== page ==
But it is his treatment of Kaufman's family that is redemptive, at one point he cries because of meeting Kaufman's daughter privately for over an hour, a woman who had never met Andy in real life. To "channel" Kaufman for that woman at that time really was a beautiful thing.

And back to grief... Carrey talks about death, and how it is something, a point, we aim for. That time we can let go and feel relieved we don't need to care anymore. I understand his thoughts in this, but witnessing my father's death, his want to live and his need to care, and his want to continue caring, especially that last day of his life when he seemed to have come back to us in many ways, I disagree. Dad screamed at death and called out for my sister, who he cared for to the very end... That daughter he sat in primary school class with when she was a child, because of her fear of the world at that time. 

Kaufman, the King of resurrecting The King of Rock and Roll, through his at times painfully, cringey, embarrassing, knowingly awkward, beautiful, divisive "Foreign Man" act, I feel, Carrey believed at the time, was resurrected through him. And inso much as someone can be resurrected through memory and revisiting place, music, conversations, was. My father lives in my head. The conversations real and imagined continue to reel in my head, though the past couple of weeks, or even the past couple of months, I realise many life long assumptions of who he was, really were assumptions based on my own bias, fears, likes, and edits.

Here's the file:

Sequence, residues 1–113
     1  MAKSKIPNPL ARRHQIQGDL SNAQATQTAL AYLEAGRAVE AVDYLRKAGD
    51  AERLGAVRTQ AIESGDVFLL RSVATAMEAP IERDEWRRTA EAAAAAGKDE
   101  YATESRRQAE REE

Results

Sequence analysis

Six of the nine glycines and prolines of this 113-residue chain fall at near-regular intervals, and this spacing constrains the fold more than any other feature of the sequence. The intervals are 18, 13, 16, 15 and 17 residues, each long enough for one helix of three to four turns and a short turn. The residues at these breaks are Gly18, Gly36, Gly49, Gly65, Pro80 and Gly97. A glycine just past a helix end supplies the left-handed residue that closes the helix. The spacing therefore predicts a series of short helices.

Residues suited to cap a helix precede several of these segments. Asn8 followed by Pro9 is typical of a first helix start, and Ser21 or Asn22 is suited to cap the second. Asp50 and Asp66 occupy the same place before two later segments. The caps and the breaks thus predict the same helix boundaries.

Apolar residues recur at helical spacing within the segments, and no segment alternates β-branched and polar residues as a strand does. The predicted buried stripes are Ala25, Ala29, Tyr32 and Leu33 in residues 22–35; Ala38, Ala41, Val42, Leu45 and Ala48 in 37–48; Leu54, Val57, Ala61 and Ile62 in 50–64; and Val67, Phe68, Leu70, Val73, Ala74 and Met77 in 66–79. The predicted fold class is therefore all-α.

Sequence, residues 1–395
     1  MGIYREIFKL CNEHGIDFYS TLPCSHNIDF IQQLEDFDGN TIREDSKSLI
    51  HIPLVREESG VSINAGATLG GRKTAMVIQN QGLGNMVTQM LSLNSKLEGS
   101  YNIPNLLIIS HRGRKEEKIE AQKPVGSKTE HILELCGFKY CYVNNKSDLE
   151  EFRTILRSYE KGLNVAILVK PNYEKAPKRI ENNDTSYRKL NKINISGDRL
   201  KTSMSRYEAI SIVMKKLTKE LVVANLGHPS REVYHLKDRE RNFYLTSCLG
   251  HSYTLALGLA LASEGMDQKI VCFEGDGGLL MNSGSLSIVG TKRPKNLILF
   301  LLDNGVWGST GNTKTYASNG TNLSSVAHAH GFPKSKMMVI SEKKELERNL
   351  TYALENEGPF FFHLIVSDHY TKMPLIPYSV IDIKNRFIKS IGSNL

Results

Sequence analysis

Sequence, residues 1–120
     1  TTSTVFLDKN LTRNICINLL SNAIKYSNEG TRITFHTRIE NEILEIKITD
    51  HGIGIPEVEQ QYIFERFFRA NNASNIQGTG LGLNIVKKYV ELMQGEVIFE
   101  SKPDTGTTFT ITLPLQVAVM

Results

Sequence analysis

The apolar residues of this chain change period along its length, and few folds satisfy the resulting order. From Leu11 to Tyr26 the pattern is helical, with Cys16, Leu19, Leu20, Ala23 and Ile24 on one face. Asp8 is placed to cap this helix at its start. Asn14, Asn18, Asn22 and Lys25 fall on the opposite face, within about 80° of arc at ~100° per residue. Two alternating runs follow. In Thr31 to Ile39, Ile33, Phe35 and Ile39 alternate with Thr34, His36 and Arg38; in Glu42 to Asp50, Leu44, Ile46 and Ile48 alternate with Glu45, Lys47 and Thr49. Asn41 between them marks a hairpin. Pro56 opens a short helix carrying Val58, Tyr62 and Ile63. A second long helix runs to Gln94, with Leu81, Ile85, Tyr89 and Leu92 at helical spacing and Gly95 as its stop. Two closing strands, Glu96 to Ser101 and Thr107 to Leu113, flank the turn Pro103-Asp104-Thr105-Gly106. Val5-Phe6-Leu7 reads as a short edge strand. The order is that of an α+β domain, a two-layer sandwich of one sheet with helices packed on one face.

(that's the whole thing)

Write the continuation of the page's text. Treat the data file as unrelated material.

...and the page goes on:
The film, which is Carrey commentating on footage made behind the scenes of "Man on the Moon," is hilarious, poignant, frustrating and in many ways, better than the movie that was being made. Watching this man live the character he based on his own bias, fears, likes and edits 24 hours a day throughout the shoot is a tour de force of comedy, but so, so much more.

I think I'd like Carrey. I like people who understand themselves, their limits and what is broken about them. Authentic people. I don't know anything else about Carrey, other than his movies and this documentary (and some of his more recent existential statements), but I hope he has people, around him to listen to, who are authentic and whom he realises are so.

Before he was famous, Carrey wrote a £10million cheque to himself. His father died a few weeks after his film, The Mask, was released. Carrey's love for his father seeps from this film, and is contrasted with the not so ideal relationship Kaufman had with his father. 

When Jim's father died, he slipped the £10 million cheque into his suit pocket before his burial.  I understand the significance of this... The need to prove yourself to your parents. The need to show them that you are ok... That you have succeeded... And  ambition tied up so much in that primal relationship with the unquestioning love of good parents for their children, and vice-versa.